First competition of comeback? Check. First win of comeback? Check.
“I think our approach was pretty bang on. We’ve been training so well leading into this and we are genuinely so excited to be back on competition ice,” Virtue said after their Prince short dance that scored a personal best 77.72 points from the judges. “I think mentally, emotionally, physically our approach was right.”
“We felt like we brought really good energy today,” added Moir. “It’s essential to this program to dance, I mean it’s a hip hop program. We’ll have to be a little more stronger on our technical key points going forward and we are perfectionists so if you would have asked us what we would have wanted to accomplish at the event at the beginning of the summer, this would have been a homerun for us.”
Those technical key points Moir mentioned may need some improvements but they were good enough this early in the season to earn them the highest level of difficulty, four, on all five of their short dance elements.
Saturday’s free dance was more emotional, but no less successful, as they told the story of two people going through some hard times before realizing how lucky they are to have found each other. They scored 111.48 points, about three points off their personal best, but had one element scored at a level three and received two one-point violations – one for an extended lift and one for going over the allotted program time. Of course, all of that is fixable with a little work.
“When we were working with Patch and Marie making those show programs we worked on a lot of new lifts,” Moir said of their relationship with their new coaches, longtime mentors, and show program choreographers Marie-France Dubreuil and Patrice Lauzon. “Coming back is a challenge to make those lifts respect the ISU rules. I mean to make all those transitions and fit those requirements in a seven second lift is quite tiring.”
That choreographic freedom isn’t the only adjustment that needs to be made when going from full time show skating to competition skating.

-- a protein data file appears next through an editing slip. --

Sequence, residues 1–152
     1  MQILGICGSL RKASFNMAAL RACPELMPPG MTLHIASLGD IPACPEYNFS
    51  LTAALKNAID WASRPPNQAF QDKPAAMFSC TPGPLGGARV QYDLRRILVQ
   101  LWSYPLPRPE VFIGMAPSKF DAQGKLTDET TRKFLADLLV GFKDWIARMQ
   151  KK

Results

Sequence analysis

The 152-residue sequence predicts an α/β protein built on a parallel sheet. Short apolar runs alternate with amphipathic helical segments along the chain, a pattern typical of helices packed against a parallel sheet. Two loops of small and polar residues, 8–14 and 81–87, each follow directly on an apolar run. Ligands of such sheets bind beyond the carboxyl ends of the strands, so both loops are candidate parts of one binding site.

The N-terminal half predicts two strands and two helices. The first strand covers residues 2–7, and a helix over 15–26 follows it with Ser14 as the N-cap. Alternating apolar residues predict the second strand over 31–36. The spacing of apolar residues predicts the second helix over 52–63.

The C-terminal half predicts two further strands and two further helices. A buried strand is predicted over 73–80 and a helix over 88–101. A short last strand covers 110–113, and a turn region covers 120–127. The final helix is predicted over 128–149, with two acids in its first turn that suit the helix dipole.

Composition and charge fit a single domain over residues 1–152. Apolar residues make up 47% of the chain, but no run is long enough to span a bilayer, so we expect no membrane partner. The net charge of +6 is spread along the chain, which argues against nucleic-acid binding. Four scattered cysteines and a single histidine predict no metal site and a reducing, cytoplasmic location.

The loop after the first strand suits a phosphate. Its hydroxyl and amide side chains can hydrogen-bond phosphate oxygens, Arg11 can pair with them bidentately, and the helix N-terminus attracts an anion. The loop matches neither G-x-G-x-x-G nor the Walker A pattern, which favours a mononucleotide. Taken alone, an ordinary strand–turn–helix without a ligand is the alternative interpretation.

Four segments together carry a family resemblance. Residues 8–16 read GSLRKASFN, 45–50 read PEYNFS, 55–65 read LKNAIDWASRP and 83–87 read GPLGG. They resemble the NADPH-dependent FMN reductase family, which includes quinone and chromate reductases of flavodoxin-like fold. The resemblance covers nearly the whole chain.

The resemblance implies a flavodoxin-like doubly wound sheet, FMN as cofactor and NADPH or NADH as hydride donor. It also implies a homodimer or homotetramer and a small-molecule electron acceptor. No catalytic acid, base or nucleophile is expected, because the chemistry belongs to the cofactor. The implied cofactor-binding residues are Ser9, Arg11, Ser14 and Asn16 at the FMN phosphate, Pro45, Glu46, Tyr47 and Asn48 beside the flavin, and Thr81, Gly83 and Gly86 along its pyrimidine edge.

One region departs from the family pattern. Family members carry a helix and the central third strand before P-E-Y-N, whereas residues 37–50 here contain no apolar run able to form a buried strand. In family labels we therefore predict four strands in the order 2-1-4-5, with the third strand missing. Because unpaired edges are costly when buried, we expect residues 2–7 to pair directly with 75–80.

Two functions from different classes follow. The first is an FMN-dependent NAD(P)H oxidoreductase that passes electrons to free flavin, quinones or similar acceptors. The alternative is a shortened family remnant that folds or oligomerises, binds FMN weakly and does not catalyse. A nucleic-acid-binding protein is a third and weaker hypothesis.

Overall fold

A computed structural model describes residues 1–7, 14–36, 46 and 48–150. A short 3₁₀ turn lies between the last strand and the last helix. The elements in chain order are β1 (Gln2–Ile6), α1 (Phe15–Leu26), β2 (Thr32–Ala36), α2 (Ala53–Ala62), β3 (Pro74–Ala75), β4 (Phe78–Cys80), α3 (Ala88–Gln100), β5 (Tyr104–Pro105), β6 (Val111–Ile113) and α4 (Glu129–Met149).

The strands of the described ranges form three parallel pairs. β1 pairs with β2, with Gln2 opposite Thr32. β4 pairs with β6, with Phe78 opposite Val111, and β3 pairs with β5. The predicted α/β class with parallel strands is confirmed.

“We are used to stepping out on the ice in the dark and coming alive when the lights come up,” Moir said after the short dance. “Now when they are reviewing levels and stuff, it’s something that we just have to get used to again.”
“But we are still trying to keep some of those advantages from show skating, like skating for the fans and doing material that we love,” he continued. “We found that when we did show skating we connected more with our material because we were not playing with the rules and guidelines. When we came back and met with Patch, Marie and Romain (Haguenauer) and creating this dream team that is so creative, we figured that they were the right people to be able to do that, to bring show skating into the competitive world.”
Much has been made about the fact that once again Virtue and Moir are training alongside the couple viewed as their biggest rivals. Before it was Americans Meryl Davis and Charlie White. Now it is Gabriella Papadakis and Guillaume Cizeron of France, who claimed the last two world titles.
“I think we have to earn that term to be associated as rivals to Gabriella and Guillaume, we are not quite there yet for sure, but they have taken the ice dance world to an entirely different level in the last few years,” said Virtue. “It’s been fun to get to know them, fun to challenge each other and motivate each other in practice.”
So with the first competition and the associated jitters out of the way, the Canadians are now just ready to just compete, starting with their ISU Grand Prix events at Skate Canada International (October 28-30) and NHK Trophy (November 25-27). The season will culminate at the world championships in Helsinki in late March.
“I think what is exciting with our material this season is that it has so much room to grow and evolve,” said Virtue. “We’ve been so focused on the technical side of things. It’s a great opportunity in the next little while to get back to the intention of the movement, to the emotional connection and the story we are trying to tell with the programs. We have a vision of where we see both the short and free ending up in March and we know we have a lot of work to do to get there.”